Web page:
AT&T opens new R&D center in Tel Aviv, to focus on cloud solutions

American telecommunications giant to launch second development center in Israel, recruit 100 new employees

Ricky Ben-David is a Times of Israel editor and reporter

The AT&T office in Israel. (Nadav Karlinsky)
The AT&T office in Israel. (Nadav Karlinsky)

American telecommunications giant announced this week that it would open a new R&D center in Israel and expand its activities to include cloud solutions.

The company said it would recruit 100 new employees for the center in Tel Aviv, to add to an existing team of over 500 at AT&T’s R&D center in Airport City.

AT&T established that center in 2007 after acquiring Israeli video conferencing software company Interwise for $121 million. It is charged with developing software products “in all the company’s strategic areas of activity,” according to the statement, including 5G networks, digital solutions, and advanced products for managing first responder systems worldwide.

Both centers will now also expand their activities to develop cloud technologies, AT&T said.

Cloud computing and related technologies are a booming subsector in the IT industry, driven in part by the COVID-19 pandemic, which has brought entire operations online due to remote work. According to a Fortune Business Insights report, the cloud computing market is projected to reach $791.48 billion by 2028 globally.

AT&T said both the Airport City and the Tel Aviv R&D centers will operate in a hybrid format in which employees work from home some days each week.

The two Israel-based centers are part of AT&T’s global R&D network, which includes about a dozen R&D centers, also known as AT&T Labs, across the United States.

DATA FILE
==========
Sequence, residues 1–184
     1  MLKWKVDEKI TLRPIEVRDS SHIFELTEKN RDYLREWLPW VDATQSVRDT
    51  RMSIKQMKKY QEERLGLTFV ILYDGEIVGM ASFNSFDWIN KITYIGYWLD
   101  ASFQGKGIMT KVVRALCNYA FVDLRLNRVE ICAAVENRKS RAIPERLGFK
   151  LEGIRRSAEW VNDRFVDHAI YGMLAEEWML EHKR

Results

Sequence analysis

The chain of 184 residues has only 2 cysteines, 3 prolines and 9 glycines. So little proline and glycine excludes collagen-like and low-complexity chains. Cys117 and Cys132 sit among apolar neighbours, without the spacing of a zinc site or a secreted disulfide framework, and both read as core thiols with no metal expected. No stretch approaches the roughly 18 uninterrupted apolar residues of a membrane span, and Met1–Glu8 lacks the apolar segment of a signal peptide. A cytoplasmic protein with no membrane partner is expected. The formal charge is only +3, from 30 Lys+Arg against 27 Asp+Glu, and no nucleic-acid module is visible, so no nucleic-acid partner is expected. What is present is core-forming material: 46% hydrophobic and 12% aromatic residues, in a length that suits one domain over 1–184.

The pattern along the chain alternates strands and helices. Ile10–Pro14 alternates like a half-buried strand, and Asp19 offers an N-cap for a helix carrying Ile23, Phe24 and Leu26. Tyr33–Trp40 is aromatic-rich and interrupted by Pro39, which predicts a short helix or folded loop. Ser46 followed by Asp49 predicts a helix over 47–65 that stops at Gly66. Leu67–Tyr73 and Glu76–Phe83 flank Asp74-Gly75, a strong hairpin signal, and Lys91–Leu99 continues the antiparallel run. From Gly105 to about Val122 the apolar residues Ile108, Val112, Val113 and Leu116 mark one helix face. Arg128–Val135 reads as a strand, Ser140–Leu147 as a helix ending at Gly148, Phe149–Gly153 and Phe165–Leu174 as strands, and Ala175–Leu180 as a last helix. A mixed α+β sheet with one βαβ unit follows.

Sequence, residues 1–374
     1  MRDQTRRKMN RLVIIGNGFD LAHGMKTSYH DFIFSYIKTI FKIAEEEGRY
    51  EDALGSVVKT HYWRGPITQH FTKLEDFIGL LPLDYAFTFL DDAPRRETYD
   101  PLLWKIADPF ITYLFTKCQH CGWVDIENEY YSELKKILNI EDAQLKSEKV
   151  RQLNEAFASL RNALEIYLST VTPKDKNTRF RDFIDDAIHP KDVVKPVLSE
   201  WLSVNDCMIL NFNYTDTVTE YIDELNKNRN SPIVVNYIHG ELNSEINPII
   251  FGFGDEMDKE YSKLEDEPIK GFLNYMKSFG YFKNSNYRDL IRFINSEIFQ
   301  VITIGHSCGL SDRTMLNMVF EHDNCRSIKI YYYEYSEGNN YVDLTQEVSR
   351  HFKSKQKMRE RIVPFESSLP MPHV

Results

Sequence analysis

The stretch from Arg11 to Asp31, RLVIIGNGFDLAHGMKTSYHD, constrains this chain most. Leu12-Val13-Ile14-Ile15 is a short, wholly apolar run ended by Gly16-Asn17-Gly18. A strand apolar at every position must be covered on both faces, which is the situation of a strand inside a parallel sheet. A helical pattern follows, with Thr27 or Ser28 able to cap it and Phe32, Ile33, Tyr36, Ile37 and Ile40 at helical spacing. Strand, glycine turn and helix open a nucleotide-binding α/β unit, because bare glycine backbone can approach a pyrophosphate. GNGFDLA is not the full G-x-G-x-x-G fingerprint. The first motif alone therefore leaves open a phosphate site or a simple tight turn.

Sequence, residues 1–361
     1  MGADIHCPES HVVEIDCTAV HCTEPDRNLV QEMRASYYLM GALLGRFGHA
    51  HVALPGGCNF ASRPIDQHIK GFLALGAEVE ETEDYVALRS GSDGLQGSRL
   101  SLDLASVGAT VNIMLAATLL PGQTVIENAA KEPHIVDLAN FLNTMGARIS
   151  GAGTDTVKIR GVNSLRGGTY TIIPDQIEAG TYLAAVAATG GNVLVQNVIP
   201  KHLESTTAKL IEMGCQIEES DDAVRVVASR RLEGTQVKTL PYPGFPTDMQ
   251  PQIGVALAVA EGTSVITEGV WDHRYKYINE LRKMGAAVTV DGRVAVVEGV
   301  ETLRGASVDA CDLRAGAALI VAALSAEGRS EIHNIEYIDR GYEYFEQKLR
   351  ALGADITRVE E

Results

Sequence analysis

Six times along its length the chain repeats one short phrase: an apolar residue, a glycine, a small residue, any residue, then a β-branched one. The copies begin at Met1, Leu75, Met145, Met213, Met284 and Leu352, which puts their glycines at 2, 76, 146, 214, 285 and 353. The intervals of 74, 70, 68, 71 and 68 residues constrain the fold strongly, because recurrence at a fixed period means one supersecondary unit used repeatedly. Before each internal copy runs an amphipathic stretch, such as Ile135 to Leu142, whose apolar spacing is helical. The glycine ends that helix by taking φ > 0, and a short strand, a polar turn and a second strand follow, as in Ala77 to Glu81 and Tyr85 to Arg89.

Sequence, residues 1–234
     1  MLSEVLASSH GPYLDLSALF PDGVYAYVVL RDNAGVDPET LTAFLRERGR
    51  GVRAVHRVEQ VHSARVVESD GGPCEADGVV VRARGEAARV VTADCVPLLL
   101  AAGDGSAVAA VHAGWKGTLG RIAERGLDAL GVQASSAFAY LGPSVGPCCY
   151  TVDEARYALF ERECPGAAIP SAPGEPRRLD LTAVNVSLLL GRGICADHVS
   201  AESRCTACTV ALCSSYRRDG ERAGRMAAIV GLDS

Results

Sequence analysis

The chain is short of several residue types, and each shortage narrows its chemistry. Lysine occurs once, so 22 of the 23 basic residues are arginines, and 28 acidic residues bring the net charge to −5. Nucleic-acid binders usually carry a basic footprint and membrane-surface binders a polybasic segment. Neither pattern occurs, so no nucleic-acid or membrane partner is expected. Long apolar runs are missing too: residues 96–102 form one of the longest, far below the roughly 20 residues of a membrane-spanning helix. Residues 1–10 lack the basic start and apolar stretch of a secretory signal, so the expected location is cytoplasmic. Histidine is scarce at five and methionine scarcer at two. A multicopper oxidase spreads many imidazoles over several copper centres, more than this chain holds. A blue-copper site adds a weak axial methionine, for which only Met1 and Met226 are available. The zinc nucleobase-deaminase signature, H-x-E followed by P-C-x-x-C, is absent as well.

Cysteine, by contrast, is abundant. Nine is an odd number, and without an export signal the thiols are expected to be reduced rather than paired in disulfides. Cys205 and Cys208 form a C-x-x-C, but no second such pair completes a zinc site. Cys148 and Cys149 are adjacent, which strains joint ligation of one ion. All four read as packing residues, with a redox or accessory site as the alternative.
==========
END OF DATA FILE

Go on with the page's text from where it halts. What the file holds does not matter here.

Nataly Kremer, VP software delivery services at AT&T and general manager of AT&T Israel, will oversee around 1,500 AT&T development personnel worldwide.

“The development center in Israel is responsible for driving innovative technologies for hundreds of millions of AT&T users around the globe, and leads strategic initiatives for the entire company,” Kremer said in a statement. “As part of the center’s growth and development process in the country, we are looking for quality team members who are as enthusiastic as we are about working with advanced technologies on a large scale.”

Tech giants are increasingly expanding their cloud-related operations in Israel.

Earlier this month, Oracle inaugurated its new underground data center in Jerusalem, which will function as a regional cloud provider for Israeli clients, and announced plans to launch a second center in the country.

In May, Google and Amazon signed contracts as part of a government tender to launch cloud data centers in Israel in the next two years approximately. The cloud project, called the Nimbus, is one of Israel’s biggest information technology projects and envisions six data centers. It will enable government ministries and other public entities to transfer servers and services into the cloud that will be set up by the winning firms.

Separately, Microsoft recently announced that it will open five new R&D sites across Israel and hire 2,500 more people.

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